How to follow the evolution of rheumatoid arthritis?
Published 19 Jun 2019 • Updated 25 Jun 2019 • By Louise Bollecker
Rheumatoid arthritis is a disease that progresses by flare-ups in unpredictable ways. Gradually, if the disease is not treated, it tends to affect other joints. This is why it is essential to monitor the evolution of the disease in order to limit complications. Follow our explanatory guide.
The first year after the diagnosis of the disease, a monthly assessment (at each consultation) is carried out. When the disease is controlled (remission or low activity) the assessment takes place every 3 months.
Assessing disease progression: the DAS score
DAS, the measurement of disease activity
Disease activity is assessed according to certain clinical and biological parameters. These parameters allow the calculation of the DAS 28 score, DAS stands for Disease Activity Score.
It is an index of rheumatoid arthritis activity that combines several aspects of the disease into a single data set, expressed as a number. We speak of DAS 28 because this score is calculated on 28 joint sites.
Quatre valeurs pour calculer le DAS
1 & 2. The joints
The number of swollen joints (NAG) and the number of painful joints (NAD) are the first two criteria to be taken into account.
3. Patient evaluation
The patient is also asked to assess the activity of his or her rheumatoid arthritis in a global way. It is measured using a visual analogue scale graduated from 0 to 10. The principle is the same as for pain assessment: 0 = no manifestation of the disease; 10 = maximum severity that the patient can imagine.
4. Measure inflammation: the CRP value and the VS value
When the body detects substances that seem foreign to it, it sets up a defense strategy to recognise, destroy and eliminate them: this is the inflammatory reaction. The causes of inflammation are multiple: they can be of external origin (bacteria, viruses, skin lesions, blows...) or internal (autoimmune diseases such as rheumatoid arthritis, cancers...).
- C-Reactive Protein (CRP) is an inflammatory protein, synthesised by the liver, which increases its blood concentration within a few hours in the event of inflammation. CRP plays an important role in mobilising and activating the immune defences (white blood cells) and stimulating the destruction process of cells considered as foreign (phagocytosis). The higher the CRP value, the more important the inflammatory response.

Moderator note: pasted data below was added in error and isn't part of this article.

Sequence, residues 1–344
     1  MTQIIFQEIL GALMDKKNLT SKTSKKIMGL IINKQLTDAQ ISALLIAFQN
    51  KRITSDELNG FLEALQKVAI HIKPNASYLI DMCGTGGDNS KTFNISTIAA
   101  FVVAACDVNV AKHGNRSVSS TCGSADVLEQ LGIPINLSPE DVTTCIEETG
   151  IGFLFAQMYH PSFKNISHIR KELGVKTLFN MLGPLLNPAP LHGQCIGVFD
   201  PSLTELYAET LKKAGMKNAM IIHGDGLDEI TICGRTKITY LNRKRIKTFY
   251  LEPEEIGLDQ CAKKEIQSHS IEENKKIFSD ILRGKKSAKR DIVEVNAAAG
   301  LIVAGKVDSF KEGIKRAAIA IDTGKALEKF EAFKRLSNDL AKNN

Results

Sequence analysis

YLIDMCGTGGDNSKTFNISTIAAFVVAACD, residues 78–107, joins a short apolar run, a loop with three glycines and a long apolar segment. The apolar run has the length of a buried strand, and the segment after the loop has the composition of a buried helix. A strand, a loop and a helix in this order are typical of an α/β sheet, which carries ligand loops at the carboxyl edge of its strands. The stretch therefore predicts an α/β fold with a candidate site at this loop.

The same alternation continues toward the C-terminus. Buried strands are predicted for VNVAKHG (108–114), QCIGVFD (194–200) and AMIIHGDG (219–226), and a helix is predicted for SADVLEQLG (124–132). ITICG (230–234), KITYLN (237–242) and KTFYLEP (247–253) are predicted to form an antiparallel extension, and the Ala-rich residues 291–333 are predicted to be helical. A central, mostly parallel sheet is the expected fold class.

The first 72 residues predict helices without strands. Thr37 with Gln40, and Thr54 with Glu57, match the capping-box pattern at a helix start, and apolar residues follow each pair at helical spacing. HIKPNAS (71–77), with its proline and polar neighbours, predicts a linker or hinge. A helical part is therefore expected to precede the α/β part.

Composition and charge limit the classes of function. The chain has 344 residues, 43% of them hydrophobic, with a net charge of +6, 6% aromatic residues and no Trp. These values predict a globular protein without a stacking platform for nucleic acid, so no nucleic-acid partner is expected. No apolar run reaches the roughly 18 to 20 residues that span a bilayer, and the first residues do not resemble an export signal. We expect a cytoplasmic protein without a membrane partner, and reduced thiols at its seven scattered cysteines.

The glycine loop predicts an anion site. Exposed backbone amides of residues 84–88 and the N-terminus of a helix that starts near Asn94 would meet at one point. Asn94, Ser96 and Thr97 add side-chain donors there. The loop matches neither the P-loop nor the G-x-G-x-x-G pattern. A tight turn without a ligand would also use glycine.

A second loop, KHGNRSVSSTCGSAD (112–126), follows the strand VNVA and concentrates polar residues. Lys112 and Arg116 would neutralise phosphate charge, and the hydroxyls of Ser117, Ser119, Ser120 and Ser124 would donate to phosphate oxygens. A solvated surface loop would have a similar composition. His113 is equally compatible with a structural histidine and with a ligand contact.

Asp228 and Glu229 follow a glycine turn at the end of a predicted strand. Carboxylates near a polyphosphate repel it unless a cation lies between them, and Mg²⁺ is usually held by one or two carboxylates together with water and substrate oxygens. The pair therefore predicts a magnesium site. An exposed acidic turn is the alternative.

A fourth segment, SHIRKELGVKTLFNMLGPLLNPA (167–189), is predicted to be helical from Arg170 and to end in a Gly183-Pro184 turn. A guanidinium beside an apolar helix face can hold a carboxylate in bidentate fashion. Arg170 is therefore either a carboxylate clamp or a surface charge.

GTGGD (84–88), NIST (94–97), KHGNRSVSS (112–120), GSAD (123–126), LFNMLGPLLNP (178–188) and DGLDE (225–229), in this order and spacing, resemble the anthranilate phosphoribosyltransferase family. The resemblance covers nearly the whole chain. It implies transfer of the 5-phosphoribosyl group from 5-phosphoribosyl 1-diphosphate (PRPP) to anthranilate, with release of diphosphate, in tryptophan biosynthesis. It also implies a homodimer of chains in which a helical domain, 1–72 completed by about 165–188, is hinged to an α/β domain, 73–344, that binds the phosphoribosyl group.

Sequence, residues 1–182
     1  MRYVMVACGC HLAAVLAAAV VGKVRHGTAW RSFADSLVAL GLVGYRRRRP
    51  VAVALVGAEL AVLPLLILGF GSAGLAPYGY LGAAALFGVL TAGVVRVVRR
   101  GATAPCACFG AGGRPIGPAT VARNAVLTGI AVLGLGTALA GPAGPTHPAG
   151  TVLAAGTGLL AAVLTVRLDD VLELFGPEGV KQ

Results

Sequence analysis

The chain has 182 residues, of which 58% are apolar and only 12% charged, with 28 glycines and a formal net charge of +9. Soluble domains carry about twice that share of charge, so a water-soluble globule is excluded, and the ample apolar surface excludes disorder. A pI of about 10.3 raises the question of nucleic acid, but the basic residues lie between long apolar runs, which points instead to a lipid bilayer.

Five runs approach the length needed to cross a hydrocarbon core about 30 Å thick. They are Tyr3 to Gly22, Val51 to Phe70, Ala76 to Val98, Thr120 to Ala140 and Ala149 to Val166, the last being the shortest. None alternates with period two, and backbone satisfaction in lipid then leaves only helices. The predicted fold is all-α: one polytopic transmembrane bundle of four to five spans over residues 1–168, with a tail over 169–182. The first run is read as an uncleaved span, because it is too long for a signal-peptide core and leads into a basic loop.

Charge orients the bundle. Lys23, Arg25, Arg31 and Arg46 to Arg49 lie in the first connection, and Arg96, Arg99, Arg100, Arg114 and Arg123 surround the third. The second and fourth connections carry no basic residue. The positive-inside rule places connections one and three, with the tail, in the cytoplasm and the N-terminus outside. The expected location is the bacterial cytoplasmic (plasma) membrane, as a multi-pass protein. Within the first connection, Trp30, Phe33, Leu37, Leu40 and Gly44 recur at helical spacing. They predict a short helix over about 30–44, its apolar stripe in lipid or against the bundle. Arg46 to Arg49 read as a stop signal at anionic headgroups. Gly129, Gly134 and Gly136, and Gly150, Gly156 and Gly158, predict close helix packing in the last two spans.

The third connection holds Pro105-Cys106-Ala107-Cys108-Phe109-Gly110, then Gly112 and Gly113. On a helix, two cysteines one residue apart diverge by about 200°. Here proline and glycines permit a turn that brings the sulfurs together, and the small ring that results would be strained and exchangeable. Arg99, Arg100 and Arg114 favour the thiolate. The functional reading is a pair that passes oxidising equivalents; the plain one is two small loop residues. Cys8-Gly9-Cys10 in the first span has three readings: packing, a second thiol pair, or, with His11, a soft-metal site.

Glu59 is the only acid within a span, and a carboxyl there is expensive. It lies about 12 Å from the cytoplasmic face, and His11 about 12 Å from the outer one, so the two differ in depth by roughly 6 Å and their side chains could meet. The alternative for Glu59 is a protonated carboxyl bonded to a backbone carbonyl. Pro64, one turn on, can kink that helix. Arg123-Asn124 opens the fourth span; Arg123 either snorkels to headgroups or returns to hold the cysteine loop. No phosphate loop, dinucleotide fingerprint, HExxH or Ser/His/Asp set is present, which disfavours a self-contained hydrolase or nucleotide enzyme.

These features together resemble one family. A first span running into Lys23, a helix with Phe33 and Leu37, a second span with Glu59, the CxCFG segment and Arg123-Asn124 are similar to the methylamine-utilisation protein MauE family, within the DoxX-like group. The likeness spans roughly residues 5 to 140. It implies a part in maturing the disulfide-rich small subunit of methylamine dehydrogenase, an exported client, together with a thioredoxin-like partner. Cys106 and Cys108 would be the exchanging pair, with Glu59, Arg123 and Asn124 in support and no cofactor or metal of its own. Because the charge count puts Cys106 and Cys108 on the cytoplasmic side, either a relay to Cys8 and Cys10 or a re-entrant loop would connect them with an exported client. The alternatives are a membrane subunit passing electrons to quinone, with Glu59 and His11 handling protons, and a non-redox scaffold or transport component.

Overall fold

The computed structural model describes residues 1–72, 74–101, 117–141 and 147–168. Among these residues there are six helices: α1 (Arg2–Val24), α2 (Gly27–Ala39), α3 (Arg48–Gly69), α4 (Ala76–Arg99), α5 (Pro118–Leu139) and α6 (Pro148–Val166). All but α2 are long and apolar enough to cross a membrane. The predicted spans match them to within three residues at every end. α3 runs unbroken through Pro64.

To determine the sedimentation rate, a technician places the red blood cells in a test tube and determines the distance until they fall within a given time (usually one hour). In the event of an inflammatory reaction, the blood level of the inflammation proteins (including fibrinogen) increases and leads to the formation of red blood cell clusters. The higher the value of the sedimentation rate, the heavier the aggregates are and the faster they fall to the bottom of the tube. The inflammation is therefore more important.
Monitor treatment reactions
Follow-up examinations also measure the response to treatment, i.e. its efficacy, but also the follow-up of the tolerance of the prescribed treatment, in accordance with the summaries of the product characteristics and the patient's clinical context (including other pathologies of the patient).
Prevent possible complications
The monitoring of rheumatoid arthritis also involves looking for extra-articular symptoms of the disease. These symptoms may be caused by the progression of the disease. These symptoms include tenosynovitis, rheumatoid nodules, vasculitis, dry syndrome, or Raynaud's syndrome.
The radiological progression of the disease
The imaging assessment will allow us to look for signs of erosion or joint pinching, which are characteristic signs of rheumatoid arthritis. X-rays will be taken of all symptomatic joints. At the very beginning of the disease, x-rays will be normal.
Thereafter, when the signs appear, these radiological examinations will have a double benefit: they will confirm the diagnosis and serve as a basis for comparison with subsequent radiological examinations (the evolution of the disease will therefore be better monitored). Ultrasound or MRI can also be used as part of an imaging assessment.
As part of the follow-up of the evolution of your rheumatoid arthritis, the medical imaging check-up is carried out every 6 months in the first year and at least every year for the first 3 to 5 years and in the event of a change in therapeutic strategy. Radiological examinations are then spaced apart once the disease is more stable.
Do you have any questions about rheumatoid arthritis follow-up? How did your doctor explain these tests to you?
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